It sounds like this may be a super-negative environment, but you won’t be able to leave overnight even if you want to. In the short term, you want to get your bio up there, because it’s important for your career, whether you remain at this firm for three months, three years, or three decades. Do I think that there’s racism going on? Sure sounds like it to me. But in the very short term, I would pretend that you take his explanation at face value and respond with a business case for including you.

      Now, if you have a mentor or other partner you feel close to, I do think it would be worth talking to that person about the comment and raising your concerns, because that’s some bullsh*t and should not be tolerated.

      -Signed, Latina, but doesn’t “look it”, so people say aaaaaaaaall kinds of stuff in front of me.

    • Honey I’m sorry, but even more than hugs what you need is to get your bio up.. on a jobhunting website. Call some recruiters yourself. Over a year is enough to look decent on the resume. Get yourself someplace where you aren’t working for a racist! This cannot be helpful to your career in any way. What kind of one-year review and raise did you get anyway?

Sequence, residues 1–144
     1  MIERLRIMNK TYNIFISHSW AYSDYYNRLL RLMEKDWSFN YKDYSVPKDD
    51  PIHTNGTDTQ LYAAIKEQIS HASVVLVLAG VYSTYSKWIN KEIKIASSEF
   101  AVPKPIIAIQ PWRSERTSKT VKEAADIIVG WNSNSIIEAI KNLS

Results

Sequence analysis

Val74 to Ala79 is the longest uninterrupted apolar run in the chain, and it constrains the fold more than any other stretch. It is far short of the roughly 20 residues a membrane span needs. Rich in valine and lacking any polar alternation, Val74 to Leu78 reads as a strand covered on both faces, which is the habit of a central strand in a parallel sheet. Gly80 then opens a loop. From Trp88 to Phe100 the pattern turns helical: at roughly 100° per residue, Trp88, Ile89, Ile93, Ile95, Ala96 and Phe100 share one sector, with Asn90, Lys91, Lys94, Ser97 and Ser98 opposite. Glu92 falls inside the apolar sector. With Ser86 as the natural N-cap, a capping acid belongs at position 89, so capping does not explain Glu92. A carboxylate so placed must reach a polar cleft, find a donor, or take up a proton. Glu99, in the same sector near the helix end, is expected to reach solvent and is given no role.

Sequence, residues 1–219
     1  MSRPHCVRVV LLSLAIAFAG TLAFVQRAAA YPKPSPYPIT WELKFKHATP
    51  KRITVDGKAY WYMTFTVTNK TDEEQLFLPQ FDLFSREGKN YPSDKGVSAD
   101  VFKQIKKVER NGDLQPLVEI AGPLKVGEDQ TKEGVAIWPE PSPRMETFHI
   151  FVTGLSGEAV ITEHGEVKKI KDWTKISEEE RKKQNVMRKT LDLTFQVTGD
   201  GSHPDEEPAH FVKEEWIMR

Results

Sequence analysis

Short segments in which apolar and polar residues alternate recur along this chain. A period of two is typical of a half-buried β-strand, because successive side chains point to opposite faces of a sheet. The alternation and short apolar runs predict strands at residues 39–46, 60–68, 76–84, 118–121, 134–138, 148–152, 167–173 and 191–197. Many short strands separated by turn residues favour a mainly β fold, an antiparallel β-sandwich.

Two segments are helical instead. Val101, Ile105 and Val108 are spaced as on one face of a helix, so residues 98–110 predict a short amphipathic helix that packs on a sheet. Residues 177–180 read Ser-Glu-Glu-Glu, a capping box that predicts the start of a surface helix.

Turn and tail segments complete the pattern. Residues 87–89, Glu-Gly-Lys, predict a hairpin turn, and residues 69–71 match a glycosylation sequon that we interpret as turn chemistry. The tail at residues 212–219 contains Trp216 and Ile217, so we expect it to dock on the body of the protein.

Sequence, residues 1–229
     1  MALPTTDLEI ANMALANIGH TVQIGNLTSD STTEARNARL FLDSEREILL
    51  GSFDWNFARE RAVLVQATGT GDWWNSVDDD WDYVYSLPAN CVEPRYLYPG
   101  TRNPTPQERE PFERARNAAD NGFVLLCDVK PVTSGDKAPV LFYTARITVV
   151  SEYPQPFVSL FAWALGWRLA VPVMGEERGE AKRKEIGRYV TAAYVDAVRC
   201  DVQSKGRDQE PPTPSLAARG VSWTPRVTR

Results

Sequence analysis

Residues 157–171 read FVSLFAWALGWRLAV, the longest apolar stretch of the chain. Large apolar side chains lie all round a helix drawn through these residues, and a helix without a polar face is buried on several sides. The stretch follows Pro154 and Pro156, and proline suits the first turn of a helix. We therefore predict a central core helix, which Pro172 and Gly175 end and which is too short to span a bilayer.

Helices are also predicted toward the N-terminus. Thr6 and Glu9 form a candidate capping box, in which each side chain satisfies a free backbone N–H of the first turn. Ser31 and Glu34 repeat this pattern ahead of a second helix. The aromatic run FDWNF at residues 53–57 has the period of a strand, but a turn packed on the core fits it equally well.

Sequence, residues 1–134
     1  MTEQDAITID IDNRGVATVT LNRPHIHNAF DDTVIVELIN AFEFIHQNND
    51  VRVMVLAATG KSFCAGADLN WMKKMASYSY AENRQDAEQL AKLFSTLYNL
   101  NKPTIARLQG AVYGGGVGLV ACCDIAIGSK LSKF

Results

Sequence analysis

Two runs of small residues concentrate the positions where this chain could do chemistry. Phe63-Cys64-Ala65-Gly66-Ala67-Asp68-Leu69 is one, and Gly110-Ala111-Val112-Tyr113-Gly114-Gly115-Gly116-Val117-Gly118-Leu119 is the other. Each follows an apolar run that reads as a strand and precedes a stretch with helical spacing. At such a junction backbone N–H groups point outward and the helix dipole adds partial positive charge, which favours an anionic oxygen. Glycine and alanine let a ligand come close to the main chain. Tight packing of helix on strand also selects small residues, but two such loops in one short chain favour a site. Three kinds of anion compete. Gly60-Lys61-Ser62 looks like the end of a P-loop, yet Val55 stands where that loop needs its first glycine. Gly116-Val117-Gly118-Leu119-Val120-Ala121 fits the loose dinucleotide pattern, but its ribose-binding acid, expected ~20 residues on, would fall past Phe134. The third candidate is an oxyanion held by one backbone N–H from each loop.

16. My reaction is not so much “hugs” as blinding rage on your behalf!

  17. This is a fun “problem” to have but I’m stumped. My in-laws got me a Louis Vuitton purse as a present but I returned it because it was really too much. However, they insist that I get a different LV purse to replace it. Awkward but hey, I’m no dummy. I’m leaning towards the Alma epi in black but wanted to see if anyone had any thoughts/recommendations? If I had to define my style I’d say it would be classic prep. I like the Alma b/c I think it’s pretty classic but I’m not sure what size to get. Also I’m open to other possibilities as I don’t really spend a lot of time looking at bags. I was gifted a Palermo a few years ago that I don’t really use sadly as I find the LV logo a bit conspicuous. Thoughts?

    • Just curious, why are your in-laws so hung up on LV?

    • It’s a gorgeous bag and a good problem to have, but personally I have a really hard time with bags I cannot wear on my shoulder (or at least arm) if needed. Just something to consider. I think the “brea” and “mirabeau” are both really classic and gorgeous and avoid this problem. The Eden is also really lovely, though smaller than what you may have had in mind. I think epi leather is nice and subtler than typical LV bags. I would probably also look for something in navy or plum (just as versatile but also different) instead of black but that’s just me. I am sure whatever you decide on will be fabulous.